NFL's alleged gender discrimination at workplace: What's next for the league?
- More than 30 former employees described the problems they faced while at NFL
- Their allegations were made public in a New York Times report in February
- The attorney generals warned that a lack of improvement could lead to legal action
The attorneys general of six states on Wednesday called on the NFL to address allegations of gender-based discrimination in the workplace. The attorney generals warned that a lack of improvement to the league's workplace culture could lead to legal action.
NFL Commissioner Roger Goodell was asked to address the "grave concerns" of the allegations made public in a February New York Times report.
In the report, more than 30 former employees described the problems they faced, including unwanted touching from male bosses; attending parties where prostitutes were hired; being passed over for promotions based on their gender.
"We, the attorneys general of New York, Illinois, Massachusetts, Minnesota, Oregon, and Washington State, are deeply committed to enforcing federal, state, and local antidiscrimination laws that protect workers and further equality of opportunity for employees throughout our states. With 1100 employees at the N.F.L., 37% of whom are women and 30% of whom are people of color, it is imperative that you ensure that all employees are treated equally, fairly and with the dignity they deserve. In New York, where the NFL is headquartered, the Office of the Attorney General has never hesitated to take action to protect employees from sexual harassment and abuse, whether they are entry-level employees of the Weinstein Company or servers and bartenders at Batali-owned restaurants," the letter to Goodell read.
"We all watched in horror in 2014 when the video of Ray Rice striking, knocking out, and spitting on his fiancé was made public. In the aftermath, you promised to take gender violence seriously and improve the institutional culture for women at the N.F.L. These recent allegations suggest that you have not. Female employees reported that they were subjected to repeated viewings of the Rice video, with commentary by coworkers that the victim had brought the violence on herself. Other women reported that, in a training intended to improve sensitivity on the issue, they were asked to raise their hand to self-identify if they had been victims of domestic violence or knew someone who had. This is NOT doing better. Antidiscrimination laws in many states, including New York, prohibit employers from subjecting domestic violence victims, as well as women and people of color, to a hostile work environment.
"In addition, female employees told the Times that they were held back and criticized for having an "aggressive tone"—an often unfair stereotype of women, especially women of color, who try to advance in a male dominated workplace. This comment is particularly ironic coming from a manager at the N.F.L., where aggression is prized and celebrated on the field. Other women described experiencing unwanted touching from male bosses, attending parties where prostitutes were hired, being passed over for promotions based on their gender, and being pushed out for complaining about discrimination. In fact, some former female employees have since learned that there were no records of their complaints of gender discrimination."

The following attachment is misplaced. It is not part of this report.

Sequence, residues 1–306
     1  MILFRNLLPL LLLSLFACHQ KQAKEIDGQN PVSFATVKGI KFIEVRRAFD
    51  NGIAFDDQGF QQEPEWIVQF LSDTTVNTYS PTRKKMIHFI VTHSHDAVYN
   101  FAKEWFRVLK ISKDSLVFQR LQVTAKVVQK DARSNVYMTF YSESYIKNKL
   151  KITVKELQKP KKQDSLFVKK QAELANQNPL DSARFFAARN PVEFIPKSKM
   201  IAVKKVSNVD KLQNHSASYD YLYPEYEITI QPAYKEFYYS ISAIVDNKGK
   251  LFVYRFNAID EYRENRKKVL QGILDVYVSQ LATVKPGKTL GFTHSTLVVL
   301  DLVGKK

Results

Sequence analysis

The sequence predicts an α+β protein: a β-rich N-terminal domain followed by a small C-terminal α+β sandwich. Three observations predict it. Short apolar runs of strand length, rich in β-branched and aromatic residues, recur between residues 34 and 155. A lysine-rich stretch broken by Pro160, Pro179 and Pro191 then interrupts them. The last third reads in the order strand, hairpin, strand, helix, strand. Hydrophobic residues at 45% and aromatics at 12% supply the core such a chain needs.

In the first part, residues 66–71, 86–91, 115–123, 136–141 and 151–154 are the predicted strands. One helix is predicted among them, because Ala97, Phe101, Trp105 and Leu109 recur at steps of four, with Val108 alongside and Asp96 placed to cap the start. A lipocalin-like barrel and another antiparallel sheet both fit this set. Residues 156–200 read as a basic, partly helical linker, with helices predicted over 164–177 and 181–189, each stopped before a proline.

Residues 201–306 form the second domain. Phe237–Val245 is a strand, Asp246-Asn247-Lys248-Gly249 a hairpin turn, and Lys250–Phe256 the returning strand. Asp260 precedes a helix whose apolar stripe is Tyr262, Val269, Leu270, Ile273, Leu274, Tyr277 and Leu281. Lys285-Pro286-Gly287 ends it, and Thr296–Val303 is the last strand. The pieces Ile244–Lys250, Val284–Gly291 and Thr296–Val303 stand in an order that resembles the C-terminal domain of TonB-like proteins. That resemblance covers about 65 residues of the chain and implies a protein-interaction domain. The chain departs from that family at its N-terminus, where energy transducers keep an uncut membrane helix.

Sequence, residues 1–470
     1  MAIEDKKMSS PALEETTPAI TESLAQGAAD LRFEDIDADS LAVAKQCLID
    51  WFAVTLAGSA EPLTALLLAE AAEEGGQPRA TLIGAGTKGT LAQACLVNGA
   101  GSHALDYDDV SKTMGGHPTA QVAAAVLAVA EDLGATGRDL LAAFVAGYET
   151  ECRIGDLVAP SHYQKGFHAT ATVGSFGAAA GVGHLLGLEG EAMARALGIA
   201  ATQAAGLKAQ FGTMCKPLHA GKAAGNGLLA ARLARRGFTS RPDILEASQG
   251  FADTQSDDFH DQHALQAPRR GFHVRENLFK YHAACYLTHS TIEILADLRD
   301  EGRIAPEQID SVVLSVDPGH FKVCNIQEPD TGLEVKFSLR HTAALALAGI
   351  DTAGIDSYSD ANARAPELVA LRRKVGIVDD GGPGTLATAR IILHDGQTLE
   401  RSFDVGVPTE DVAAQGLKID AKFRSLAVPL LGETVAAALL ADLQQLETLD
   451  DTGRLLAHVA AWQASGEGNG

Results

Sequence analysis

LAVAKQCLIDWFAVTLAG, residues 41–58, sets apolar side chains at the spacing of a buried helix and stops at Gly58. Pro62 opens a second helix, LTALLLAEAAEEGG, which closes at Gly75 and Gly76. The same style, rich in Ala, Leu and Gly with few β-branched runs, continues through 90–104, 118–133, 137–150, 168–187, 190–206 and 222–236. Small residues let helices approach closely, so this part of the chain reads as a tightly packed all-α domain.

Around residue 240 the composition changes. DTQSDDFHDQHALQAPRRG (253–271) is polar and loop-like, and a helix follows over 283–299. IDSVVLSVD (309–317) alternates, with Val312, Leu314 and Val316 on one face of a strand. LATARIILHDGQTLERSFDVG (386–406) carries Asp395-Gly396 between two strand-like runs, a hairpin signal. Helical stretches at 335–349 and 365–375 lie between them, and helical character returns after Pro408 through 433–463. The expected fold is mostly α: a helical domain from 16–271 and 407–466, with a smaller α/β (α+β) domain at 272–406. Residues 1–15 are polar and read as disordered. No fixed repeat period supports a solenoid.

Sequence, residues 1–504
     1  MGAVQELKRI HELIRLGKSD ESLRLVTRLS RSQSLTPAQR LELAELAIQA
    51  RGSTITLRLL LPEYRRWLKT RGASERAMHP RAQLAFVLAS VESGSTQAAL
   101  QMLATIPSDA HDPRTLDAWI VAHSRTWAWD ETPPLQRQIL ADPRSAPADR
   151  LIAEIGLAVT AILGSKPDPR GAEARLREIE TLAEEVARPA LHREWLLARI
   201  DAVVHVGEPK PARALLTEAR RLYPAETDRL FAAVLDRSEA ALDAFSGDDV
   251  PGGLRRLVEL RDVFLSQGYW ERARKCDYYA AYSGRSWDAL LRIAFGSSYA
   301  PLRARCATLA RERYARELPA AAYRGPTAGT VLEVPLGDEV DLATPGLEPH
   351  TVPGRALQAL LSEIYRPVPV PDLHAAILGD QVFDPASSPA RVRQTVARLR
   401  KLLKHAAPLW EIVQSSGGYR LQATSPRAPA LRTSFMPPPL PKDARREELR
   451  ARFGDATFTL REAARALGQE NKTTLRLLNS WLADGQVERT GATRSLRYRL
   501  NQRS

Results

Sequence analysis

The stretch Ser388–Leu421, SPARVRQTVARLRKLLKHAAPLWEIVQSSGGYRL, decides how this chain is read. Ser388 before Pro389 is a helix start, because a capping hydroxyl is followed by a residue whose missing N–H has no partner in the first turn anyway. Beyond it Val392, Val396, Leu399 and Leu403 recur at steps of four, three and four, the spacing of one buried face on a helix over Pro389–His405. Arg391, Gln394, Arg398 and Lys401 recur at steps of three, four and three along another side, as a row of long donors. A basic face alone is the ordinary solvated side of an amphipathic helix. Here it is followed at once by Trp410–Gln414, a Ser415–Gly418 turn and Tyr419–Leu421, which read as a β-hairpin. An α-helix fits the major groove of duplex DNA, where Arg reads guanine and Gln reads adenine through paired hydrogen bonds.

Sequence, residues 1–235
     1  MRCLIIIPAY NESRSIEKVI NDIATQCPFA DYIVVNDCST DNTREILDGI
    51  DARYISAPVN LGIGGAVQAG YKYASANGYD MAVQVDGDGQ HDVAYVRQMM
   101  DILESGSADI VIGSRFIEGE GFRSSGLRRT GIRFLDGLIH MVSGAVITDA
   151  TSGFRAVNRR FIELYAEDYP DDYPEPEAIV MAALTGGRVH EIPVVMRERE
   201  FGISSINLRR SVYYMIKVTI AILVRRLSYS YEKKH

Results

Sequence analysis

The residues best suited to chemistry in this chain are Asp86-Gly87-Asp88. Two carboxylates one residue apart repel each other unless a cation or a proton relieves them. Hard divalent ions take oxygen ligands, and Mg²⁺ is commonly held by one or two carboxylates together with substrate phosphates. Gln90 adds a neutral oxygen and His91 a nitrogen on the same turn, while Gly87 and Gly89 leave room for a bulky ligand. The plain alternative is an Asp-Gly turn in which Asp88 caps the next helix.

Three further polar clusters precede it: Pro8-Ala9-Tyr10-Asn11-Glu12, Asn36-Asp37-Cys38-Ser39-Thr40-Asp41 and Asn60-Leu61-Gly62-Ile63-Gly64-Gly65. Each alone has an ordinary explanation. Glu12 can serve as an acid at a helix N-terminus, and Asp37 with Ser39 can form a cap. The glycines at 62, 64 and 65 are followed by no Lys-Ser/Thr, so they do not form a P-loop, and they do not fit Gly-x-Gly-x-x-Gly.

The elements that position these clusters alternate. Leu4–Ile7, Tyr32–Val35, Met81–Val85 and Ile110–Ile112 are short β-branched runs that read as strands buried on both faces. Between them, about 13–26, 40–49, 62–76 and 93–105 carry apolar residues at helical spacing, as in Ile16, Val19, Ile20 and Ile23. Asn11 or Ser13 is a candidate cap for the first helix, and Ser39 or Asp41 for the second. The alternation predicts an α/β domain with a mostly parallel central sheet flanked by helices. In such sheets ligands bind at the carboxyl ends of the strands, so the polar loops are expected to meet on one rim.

"The NFL must do better -- pink jerseys are not a replacement for equal treatment and full inclusion of women in the workplace," the attorneys generals wrote. "Our offices will use the full weight of our authority to investigate and prosecute allegations of harassment, discrimination, or retaliation by employers throughout our states, including at the National Football League."
The letter was signed by Illinois Attorney General Kwame Raoul, Minnesota Attorney General Keith Ellison, Massachusetts Attorney General Maura Healey, Oregon Attorney General Ellen F. Rosenblum and Washington Attorney General Bob Ferguso
In an email response, NFL spokesman Brian McCarthy said:
"We share the commitment of the attorneys general to ensuring that all of our workplaces -- including the league office and 32 clubs -- are diverse, inclusive and free from discrimination and harassment. We have made great strides over the years in support of that commitment, but acknowledge that we, like many organizations, have more work to do. We look forward to sharing with the attorneys general the policies, practices, protocols, education programs and partnerships we have implemented to act on this commitment and confirm that the league office and our clubs maintain a respectful workplace where all our employees, including women, have an opportunity to thrive."
Some of the NFL’s partnerships are with RISE, GLAAD, Paradigm and the Winters Group.
Amid words of making changes to its work culture, the NFL last month changed what is known as the "Rooney Rule," which was designed to ensure more opportunities for women and racial minorities.
All 32 clubs were asked to employ a woman or a member of an ethnic or racial minority to serve as an offensive assistant coach starting this season. The person who is hired in the position will will receive a one-year contract and work closely with the head coach and offensive staff to gain experience.